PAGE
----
PART A: CAMOUFLAGE USES
1. A good working definition of camouflage is: "Any method of concealing or
disguising an activity or installation to mislead the enemy as to position,
strength, and possible course of action." Contrary to popular belief,
camouflage is not strictly a defensive measure but can be used either
defensively or offensively depending on the nature of the mission.
2. Camouflage is used in concealment as follows:
a. Tactical uses of camouflage include the concealment of military
equipment or units by the use of paint, natural or artificial vegetation,
snow, smoke, or misrepresentation.
b. Strategic uses include the concealment of vitally important areas or
installations, such as ammunition factories, oil refineries, power plants,
PART B: CAMOUFLAGE DETECTION
1. The activities of humans leave some type of mark or record on the
earth's surface (Figure 1-1).
When left by a military unit, these marks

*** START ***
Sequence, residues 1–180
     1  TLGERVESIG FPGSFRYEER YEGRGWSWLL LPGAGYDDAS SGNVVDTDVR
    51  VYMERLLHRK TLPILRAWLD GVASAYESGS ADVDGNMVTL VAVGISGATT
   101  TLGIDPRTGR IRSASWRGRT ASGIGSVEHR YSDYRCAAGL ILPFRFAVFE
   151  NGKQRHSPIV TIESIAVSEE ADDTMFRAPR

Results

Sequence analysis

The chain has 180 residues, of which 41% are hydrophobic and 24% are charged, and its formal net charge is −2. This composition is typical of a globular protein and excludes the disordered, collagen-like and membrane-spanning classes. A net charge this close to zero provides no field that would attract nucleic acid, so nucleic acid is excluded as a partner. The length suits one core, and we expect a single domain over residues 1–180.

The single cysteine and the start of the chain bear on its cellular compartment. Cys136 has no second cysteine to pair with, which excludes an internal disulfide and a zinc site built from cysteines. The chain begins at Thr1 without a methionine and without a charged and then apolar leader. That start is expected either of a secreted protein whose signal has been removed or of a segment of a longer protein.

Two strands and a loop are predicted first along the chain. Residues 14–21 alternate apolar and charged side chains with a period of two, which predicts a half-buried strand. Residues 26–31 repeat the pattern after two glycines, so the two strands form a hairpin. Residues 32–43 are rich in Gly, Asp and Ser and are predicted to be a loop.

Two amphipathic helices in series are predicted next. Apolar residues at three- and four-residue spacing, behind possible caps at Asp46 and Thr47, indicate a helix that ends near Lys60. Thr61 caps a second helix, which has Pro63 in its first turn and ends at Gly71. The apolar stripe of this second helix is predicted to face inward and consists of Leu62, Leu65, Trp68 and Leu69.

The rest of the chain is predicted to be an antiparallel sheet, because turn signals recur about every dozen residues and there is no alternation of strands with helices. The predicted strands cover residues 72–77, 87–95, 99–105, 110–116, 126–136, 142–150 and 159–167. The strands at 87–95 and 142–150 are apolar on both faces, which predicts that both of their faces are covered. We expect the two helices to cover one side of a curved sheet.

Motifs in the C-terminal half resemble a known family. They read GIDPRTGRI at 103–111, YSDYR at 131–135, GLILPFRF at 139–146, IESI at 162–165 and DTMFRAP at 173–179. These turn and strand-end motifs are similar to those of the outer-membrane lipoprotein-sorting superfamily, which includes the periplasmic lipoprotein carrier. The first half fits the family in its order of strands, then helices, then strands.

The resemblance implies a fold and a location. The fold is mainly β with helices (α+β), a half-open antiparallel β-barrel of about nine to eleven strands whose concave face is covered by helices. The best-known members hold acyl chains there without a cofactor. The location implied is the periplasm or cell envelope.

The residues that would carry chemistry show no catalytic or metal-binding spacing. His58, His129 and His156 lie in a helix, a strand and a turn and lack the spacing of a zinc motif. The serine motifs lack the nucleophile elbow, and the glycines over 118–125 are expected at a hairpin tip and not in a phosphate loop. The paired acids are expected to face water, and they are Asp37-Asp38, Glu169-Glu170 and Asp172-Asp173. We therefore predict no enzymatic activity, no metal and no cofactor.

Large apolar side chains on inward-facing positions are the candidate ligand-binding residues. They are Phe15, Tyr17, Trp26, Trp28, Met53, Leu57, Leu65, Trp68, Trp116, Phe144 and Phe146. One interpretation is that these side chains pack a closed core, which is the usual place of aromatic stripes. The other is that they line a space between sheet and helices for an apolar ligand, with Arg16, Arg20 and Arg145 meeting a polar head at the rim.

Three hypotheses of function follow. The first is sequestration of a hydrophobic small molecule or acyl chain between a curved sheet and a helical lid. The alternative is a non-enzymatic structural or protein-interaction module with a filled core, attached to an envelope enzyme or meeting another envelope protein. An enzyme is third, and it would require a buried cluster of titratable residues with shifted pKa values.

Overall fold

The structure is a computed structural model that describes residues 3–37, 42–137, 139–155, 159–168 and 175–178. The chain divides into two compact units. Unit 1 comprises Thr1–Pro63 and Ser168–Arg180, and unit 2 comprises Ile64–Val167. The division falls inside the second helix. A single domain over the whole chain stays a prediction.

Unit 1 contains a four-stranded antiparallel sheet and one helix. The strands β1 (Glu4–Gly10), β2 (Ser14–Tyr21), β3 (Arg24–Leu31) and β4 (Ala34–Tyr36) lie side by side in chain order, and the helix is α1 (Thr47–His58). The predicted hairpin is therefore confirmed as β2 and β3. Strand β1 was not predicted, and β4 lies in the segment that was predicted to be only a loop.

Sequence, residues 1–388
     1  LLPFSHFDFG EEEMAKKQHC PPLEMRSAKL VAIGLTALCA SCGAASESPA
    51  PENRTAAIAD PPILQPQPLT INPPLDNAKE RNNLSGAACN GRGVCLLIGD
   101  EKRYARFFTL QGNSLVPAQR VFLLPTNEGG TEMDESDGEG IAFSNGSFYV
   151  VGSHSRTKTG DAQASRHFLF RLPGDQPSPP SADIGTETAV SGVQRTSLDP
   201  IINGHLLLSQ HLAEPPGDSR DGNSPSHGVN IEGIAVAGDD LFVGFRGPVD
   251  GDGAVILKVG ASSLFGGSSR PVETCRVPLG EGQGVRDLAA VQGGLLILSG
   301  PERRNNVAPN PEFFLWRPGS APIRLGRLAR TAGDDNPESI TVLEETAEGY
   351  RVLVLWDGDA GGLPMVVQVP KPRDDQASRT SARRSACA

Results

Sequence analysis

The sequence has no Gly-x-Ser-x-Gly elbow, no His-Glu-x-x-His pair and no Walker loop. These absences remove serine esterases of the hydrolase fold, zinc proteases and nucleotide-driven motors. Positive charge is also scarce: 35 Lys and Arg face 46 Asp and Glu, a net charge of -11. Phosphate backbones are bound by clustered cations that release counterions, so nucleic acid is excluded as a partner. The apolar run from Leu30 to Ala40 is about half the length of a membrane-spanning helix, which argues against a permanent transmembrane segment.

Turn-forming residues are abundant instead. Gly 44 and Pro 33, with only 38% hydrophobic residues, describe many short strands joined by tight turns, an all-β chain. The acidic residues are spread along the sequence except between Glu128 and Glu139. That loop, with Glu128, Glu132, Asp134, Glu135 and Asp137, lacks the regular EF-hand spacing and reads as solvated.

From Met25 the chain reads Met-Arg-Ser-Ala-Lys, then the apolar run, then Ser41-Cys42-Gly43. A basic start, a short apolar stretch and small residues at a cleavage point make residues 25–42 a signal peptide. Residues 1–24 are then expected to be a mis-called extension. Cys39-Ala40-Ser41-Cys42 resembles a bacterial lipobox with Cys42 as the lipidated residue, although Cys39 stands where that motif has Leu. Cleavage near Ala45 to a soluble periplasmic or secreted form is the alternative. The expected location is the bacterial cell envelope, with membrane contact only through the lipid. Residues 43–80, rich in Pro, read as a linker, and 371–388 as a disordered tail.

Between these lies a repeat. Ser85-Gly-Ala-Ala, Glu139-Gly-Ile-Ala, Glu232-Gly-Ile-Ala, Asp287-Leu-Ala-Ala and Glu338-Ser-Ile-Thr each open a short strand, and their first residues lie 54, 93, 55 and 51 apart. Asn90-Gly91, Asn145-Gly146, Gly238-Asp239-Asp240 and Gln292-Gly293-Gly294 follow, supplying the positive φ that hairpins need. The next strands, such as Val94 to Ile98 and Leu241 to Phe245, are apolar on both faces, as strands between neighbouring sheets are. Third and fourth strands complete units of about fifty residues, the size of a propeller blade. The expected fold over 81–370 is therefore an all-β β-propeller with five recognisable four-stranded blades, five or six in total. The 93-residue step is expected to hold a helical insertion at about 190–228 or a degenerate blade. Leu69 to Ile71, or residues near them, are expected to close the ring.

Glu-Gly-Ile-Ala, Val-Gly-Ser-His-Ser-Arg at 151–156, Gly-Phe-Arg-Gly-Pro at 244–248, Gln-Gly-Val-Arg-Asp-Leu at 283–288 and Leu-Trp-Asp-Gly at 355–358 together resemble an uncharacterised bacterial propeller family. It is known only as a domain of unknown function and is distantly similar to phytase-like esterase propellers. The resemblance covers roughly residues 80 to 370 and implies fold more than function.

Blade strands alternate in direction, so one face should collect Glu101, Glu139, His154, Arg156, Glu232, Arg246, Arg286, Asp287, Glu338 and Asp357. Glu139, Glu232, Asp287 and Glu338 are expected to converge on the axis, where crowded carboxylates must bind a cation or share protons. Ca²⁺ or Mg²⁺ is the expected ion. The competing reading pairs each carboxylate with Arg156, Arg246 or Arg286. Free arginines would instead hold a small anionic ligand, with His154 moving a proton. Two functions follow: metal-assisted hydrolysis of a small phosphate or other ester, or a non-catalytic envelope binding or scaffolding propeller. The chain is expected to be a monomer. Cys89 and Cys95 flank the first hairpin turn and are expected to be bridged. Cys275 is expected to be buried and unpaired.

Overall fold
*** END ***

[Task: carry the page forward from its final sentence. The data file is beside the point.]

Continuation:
will differ from those left by a civilian activity. The IA seeks evidence
of enemy movement and deployment of troops and defensive measures through
analysis of aerial imagery; based on this analysis the IA may determine the
enemy's strength and capabilities.
2. In military observation, the IA must be able to determine the enemy's
movement and deployment by observing the enemy and analyzing its equipment.
Military observation may be divided into two broad areas:
Direct or ground observation.
Indirect or air observation.
3. Direct observation refers to that process whereby the observer sees the
subject physically, that is, with the eyes--aided or unaided. Examples of
this type of observation include an observer sitting on a hilltop with
binoculars or an aerial observer viewing the landscape from an aircraft.
a. Direct observation has many advantages.
(1) It offers immediate information on which action may be based.
(2) The picture is seen
the true third dimension and
evaluated by the brain.
(3) The eye is normally an accurate and sensitive receiver.